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Williams withdraws from race for father’s judgeship; governor to appoint replacement at end of year
by Tom Spigolon
March 18, 2014 03:33 PM | 2238 views | 0 0 comments | 6 6 recommendations | email to a friend | print
Paulding attorney Elizabeth Williams withdrew from the race for her father’s Superior Court judgeship Monday, leaving the governor to appoint a replacement after Judge James Osborne retires at the end of this year.

Williams said in an emailed statement she would ask the Georgia Secretary of State’s office to reopen qualifying “so that I or anyone will have additional time to qualify.”

However, Secretary of State spokesman Jared Thomas said no “legal mechanism” existed to open qualifying now that the only candidate has withdrawn after the end of the qualifying period.

Williams qualified March 7 for the judgeship after Osborne qualified for re-election March 3. Osborne then formally withdrew from the race March 10, leaving his daughter the only candidate in the race to succeed him.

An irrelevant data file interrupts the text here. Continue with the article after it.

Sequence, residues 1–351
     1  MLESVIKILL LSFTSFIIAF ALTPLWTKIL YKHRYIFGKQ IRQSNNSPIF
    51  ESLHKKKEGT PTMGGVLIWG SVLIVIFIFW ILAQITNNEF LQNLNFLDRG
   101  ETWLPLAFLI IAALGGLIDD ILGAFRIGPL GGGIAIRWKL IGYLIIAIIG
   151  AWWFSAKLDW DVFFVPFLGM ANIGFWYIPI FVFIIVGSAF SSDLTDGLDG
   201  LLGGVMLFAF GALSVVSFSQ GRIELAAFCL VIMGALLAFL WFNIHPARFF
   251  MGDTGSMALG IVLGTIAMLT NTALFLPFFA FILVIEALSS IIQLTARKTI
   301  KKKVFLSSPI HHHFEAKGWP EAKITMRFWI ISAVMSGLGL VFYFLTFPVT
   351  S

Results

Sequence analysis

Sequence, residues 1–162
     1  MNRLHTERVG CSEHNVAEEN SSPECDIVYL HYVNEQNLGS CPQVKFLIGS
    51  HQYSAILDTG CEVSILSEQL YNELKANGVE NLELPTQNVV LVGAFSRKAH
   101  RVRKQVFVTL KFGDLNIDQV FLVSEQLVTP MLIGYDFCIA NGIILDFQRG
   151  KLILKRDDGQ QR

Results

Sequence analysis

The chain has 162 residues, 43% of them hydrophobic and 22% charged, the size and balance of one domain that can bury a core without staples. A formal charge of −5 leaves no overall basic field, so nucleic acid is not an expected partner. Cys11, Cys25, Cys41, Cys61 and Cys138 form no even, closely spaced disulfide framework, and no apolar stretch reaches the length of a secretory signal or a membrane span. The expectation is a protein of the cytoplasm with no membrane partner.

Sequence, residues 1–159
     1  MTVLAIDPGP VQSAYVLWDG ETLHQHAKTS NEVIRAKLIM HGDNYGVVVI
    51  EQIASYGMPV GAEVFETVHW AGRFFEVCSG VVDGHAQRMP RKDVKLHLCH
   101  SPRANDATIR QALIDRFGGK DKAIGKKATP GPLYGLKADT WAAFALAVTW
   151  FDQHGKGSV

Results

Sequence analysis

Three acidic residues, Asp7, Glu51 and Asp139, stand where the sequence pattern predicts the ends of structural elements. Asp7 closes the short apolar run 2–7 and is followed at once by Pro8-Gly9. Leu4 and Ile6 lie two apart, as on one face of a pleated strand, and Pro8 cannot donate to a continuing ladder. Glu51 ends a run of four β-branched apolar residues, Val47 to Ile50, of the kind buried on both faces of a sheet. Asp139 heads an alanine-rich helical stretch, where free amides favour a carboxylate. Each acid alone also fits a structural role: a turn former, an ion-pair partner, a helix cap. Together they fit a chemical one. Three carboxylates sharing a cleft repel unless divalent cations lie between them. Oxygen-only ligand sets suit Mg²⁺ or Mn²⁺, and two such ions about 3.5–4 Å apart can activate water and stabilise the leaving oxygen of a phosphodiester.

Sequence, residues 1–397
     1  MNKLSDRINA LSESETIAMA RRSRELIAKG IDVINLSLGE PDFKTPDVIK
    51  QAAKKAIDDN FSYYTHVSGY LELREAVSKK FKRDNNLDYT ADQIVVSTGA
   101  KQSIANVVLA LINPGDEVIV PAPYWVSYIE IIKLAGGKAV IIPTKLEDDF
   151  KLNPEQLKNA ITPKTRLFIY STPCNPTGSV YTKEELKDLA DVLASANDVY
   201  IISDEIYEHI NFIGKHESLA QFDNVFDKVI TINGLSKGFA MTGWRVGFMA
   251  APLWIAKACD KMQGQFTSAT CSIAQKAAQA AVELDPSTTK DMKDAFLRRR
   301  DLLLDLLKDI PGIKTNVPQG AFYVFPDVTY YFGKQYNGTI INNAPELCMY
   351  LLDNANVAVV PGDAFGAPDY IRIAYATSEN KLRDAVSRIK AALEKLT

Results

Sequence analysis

Williams told a reporter she and Osborne agreed on a method in which she would succeed Osborne by the judge qualifying and leaving the race once she also qualified for the same seat.

Williams said she “did not intend to bring criticism on me, my father, the judicial election process, or anyone, but I am aware that some people have expressed criticism and concern.”

“I qualified as a candidate for Paulding Superior Court judge in good faith and complied with every law in that regard,” Williams said.

“I qualified because I come from a family of lawyers who has long been committed to public service and I share their deep love for Paulding County,” she said.

Her withdrawal followed media reports of an agreement between Williams, Osborne and the State Judicial Qualifications Commission.

The agreement called for Williams to withdraw from the race. Osborne also would be unable to seek re-election or reappointment to the post he has held since 2005, an Atlanta newspaper reported.

The agency, which has the power to remove a judge for ethics violations, agreed not to pursue ethics charges against Osborne or Williams, though she could seek another judicial position in the future, the paper reported.

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